Tag Archive | wildlife conservation

Drones against illegal fishing

Dear friends,

Although only five months young, dronologista blog has grown and needs a new attire.

As of 1st of September, dronologista.com moves to a new hosting, new address and slightly changes the appearance . Content will remain the same, and dronologista will continue to provide information about non-military drones only.

Enjoy!

Illegal fishing represents a major global problem. When you realize that the losses caused by this activity are worth US$23 billion per year, that one out of three bluefin tunas are caught illegally and that around 20% of all fish hauled around the world are caught illegally, you are beginning to grasp the scale of this issue. Proportions of the environmental impact, on the other hand, are even more dire, for the fact that even the legal fishing industry that complies with the maritime wildlife protection standards has the capacity to damage this fragile ecosystem. Illegal fishing can completely destroy it.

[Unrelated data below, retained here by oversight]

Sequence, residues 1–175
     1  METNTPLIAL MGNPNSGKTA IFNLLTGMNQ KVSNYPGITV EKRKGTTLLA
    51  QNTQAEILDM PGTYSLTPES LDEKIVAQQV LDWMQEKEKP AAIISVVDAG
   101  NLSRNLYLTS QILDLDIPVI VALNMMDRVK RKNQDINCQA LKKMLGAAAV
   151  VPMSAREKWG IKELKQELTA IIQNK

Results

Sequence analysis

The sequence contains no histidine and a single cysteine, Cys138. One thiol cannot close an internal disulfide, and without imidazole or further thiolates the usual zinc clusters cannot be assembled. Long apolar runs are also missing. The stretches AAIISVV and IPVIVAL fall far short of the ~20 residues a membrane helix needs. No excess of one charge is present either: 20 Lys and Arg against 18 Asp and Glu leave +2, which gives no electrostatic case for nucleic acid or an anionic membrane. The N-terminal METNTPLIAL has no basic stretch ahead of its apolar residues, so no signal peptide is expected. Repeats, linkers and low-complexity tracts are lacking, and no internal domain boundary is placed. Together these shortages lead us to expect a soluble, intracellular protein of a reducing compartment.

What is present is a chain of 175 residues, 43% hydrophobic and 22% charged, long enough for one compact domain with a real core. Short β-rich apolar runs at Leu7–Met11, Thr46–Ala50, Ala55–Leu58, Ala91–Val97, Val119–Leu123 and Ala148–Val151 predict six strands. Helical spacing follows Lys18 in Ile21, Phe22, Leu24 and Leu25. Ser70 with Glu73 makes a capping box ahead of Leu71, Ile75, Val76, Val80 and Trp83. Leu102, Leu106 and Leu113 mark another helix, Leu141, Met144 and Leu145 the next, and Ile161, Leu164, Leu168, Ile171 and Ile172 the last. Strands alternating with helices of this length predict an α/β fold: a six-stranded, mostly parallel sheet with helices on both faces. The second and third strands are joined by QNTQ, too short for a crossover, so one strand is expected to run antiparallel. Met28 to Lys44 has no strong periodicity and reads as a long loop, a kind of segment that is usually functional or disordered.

Efforts are being made on the global scale to tackle this problem, but the challenge persists because patrolling large stretches of coastline takes time and requires substantial number of people, boats and aircraft. Now, almost whenever a manned aircraft is required to perform a task, there is a potential to use unmanned aircraft, and at an increased rate, a UAV has been proved a viable substitution. It seems that there is a pattern emerging 🙂

Back to the topic, one of the countries hardest hit by illegal fishing is Belize, a small coastal country in Central America. It was so rampant, that in the March this year, the European Union suspended all seafood imports from Belize (as well as from Cambodia and Guinea, for the same reason).

Help comes from the ConservationDrones.org, a non-profit organization dedicated to sharing knowledge, building and using UAV for conservation-related applications with conservation workers and researchers worldwide, especially those in developing countries. The Belize Fisheries Department officials are being trained to use drones to monitor fishing areas, following the test phase that started in July 2013.